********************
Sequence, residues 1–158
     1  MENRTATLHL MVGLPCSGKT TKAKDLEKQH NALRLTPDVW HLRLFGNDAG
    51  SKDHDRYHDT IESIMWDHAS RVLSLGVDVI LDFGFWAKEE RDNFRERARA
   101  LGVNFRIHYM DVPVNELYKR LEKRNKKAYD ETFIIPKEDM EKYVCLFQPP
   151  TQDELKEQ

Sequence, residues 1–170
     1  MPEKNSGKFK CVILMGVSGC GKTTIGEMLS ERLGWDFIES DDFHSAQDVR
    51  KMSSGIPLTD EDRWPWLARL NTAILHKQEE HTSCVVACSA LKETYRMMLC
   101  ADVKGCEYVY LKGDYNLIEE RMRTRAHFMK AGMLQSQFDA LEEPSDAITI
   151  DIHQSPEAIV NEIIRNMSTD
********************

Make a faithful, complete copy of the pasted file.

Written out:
Sequence, residues 1–158
     1  MENRTATLHL MVGLPCSGKT TKAKDLEKQH NALRLTPDVW HLRLFGNDAG
    51  SKDHDRYHDT IESIMWDHAS RVLSLGVDVI LDFGFWAKEE RDNFRERARA
   101  LGVNFRIHYM DVPVNELYKR LEKRNKKAYD ETFIIPKEDM EKYVCLFQPP
   151  TQDELKEQ

Sequence, residues 1–170
     1  MPEKNSGKFK CVILMGVSGC GKTTIGEMLS ERLGWDFIES DDFHSAQDVR
    51  KMSSGIPLTD EDRWPWLARL NTAILHKQEE HTSCVVACSA LKETYRMMLC
   101  ADVKGCEYVY LKGDYNLIEE RMRTRAHFMK AGMLQSQFDA LEEPSDAITI
   151  DIHQSPEAIV NEIIRNMSTD